Monday: The lava is on the move again. The volcano has created a ‘Lava Bar’ in front of the Northern surf spot known as Bowls.
Geothermal Warmth and A Natural Hot Tub in the Jungle
One of the greatest things about surfing at Pohoiki is entering the water at the boat ramp which has geothermal vents that shoot out into the boat ramp area. The water is always as warm as a bath going in and coming out. A far cry from my freezing water entries in Northern California. Probably one of the best features of Pohoiki is a short walk down a path, past an iconic red, Hawaiian-style house, into the jungle and you come to a geothermal pond. An oasis of clear water that is partly fed by the ocean like a tide pool and partly fed by fresh water from geothermal vents that heat the pool to about 90 degrees. It is never that crowded and many times after a session I would head over there for an amazing soak and lose myself looking up at the coconut palms and dense jungle foliage canopy. Totally epic. I couldn’t even make a feature like this up for a surf break.
No Crowds, No Attitude, and Our Own Photographer
One of the worst things about surfing in this modern era is the crowds in the break and the bad attitude that that can foster in a lineup. On a day with a good swell at Ocean Beach in San Francisco you can see a hundred people in black wetsuits bobbing up and down in one stretch of beach. At Pohoiki, I would always marvel at how good the waves were, compared to the amount of people in the water. And for the most part, besides some minor, isolated skirmishes, there is very little attitude or localism displayed by anyone in the break. No attitude, no drama, no bullshit. This is my home break. You learn the meaning of Aloha from experiencing Hawai'i at a place like Pohoiki.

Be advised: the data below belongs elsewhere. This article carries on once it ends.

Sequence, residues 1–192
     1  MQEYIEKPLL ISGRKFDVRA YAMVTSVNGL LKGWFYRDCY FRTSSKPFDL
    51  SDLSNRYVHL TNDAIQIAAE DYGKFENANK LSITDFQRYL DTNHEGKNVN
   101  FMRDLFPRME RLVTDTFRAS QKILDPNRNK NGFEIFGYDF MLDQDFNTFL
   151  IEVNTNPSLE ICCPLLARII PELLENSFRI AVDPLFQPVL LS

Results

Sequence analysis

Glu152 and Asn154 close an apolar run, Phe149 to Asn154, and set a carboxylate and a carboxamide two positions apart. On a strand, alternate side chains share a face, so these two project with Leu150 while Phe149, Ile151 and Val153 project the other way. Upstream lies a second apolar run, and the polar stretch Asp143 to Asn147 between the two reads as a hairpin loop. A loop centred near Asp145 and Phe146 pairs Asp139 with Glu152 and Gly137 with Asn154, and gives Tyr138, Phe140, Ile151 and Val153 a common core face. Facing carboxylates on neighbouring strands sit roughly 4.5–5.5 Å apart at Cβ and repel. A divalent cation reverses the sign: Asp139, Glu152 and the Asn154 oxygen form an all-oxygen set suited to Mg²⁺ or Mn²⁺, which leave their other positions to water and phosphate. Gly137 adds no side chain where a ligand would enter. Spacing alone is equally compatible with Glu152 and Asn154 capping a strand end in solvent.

Pohoiki recently was lucky to have our own photographer. Puna local Rod Miller started coming to the break five years ago and taking shots of the surfing action at this spot. "I like taking photos, and the action of surf photography makes it the most fun. Pohoiki has great breaks and access from many points of view. Also I can get a bit closer to the surfers because of the bay contour and breakwater pier. It's a beautiful place, and the water is always clean and clear," Miller said. Rod posts his daily shots on his Facebook site Pohiki Kine, so a lucky surfer can get a great wave and later see it captured beautifully in a photo.